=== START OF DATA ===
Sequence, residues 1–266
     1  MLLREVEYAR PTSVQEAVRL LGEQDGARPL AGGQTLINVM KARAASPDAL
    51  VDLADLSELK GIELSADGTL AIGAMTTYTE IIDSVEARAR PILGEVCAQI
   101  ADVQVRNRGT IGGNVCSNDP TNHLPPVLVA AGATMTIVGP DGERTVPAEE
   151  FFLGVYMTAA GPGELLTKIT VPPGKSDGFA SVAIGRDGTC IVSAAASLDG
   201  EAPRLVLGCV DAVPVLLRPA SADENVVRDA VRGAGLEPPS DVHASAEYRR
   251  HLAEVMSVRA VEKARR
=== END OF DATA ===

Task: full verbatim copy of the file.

Sequence, residues 1–266
     1  MLLREVEYAR PTSVQEAVRL LGEQDGARPL AGGQTLINVM KARAASPDAL
    51  VDLADLSELK GIELSADGTL AIGAMTTYTE IIDSVEARAR PILGEVCAQI
   101  ADVQVRNRGT IGGNVCSNDP TNHLPPVLVA AGATMTIVGP DGERTVPAEE
   151  FFLGVYMTAA GPGELLTKIT VPPGKSDGFA SVAIGRDGTC IVSAAASLDG
   201  EAPRLVLGCV DAVPVLLRPA SADENVVRDA VRGAGLEPPS DVHASAEYRR
   251  HLAEVMSVRA VEKARR